This is a story that can feel personal. Of death and despair. Mark Twain and mistakes.
When you find the statue made by Augustus Saint-Gaudens in the middle of Section E of Rock Creek Cemetery, hidden within a tall square of bushes that makes it a sanctuary amid centuries of death, you’re invited to sit down. A large wwrap-around marble bench suspends time while as you look at her . . . or maybe it’s a him. We really don’t know.
Henry Adams asked Saint-Gaudens to create a memorial to his late wife Marian, who feared a prolonged death so much she drank poison to gain a quick one at age 42. Marian Adams was by many accounts a vivacious hostess who loved horseback riding and photography, but the recent death of her father proved fatal for her, too.
Saint-Gaudens was given free reign by Adams to create the sculpture. According to “Washington Sculpture” by James Goode, Saint-Gauden studied copies of Buddhas before creating the 6-foot bronze cloaked statue that gazes forever. Saint-Gaudens called it “Mystery of the Hereafter” while Adams called it “The Peace of God That Passeth Understanding.” And yet it was Twain who nicknamed the monument “Grief” that it is incorrectly known as today. Some just call it the “Adams Memorial.”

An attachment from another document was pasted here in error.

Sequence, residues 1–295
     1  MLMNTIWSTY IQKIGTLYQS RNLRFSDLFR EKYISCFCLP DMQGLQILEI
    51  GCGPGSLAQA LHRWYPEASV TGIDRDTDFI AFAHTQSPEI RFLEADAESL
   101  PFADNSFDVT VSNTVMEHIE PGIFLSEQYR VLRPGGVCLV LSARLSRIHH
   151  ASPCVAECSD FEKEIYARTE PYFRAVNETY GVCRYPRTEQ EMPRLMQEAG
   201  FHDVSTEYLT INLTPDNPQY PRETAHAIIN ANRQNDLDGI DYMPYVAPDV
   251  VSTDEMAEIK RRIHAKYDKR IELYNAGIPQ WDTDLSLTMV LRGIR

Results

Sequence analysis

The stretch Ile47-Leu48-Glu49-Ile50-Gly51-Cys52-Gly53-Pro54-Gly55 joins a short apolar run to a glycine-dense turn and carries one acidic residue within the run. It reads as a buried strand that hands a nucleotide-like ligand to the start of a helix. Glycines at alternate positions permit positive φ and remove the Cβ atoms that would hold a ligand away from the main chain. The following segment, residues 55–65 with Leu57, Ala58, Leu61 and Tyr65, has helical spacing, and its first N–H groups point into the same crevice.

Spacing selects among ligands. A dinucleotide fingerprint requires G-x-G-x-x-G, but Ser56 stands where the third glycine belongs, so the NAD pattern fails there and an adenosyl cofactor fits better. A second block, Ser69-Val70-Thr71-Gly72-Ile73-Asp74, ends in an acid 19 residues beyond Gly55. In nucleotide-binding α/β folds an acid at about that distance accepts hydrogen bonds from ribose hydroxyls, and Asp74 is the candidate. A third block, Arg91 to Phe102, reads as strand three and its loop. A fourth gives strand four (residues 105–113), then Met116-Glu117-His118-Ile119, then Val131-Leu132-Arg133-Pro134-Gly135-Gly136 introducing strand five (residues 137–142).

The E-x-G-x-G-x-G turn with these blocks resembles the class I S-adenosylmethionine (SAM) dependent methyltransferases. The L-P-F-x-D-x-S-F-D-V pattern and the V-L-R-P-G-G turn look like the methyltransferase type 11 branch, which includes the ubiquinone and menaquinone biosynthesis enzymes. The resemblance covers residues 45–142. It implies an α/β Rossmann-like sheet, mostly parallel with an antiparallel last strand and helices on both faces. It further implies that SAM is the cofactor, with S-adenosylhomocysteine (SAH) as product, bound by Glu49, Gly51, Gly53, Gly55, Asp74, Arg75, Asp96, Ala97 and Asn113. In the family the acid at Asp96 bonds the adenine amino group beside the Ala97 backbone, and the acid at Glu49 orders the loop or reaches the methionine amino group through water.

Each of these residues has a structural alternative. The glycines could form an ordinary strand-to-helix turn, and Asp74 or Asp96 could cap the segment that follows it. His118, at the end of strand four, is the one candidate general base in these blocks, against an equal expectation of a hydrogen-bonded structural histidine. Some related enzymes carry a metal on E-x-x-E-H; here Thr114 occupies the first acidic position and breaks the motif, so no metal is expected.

The monument was erected in 1890-91 and rededicated in 2002 after restoration.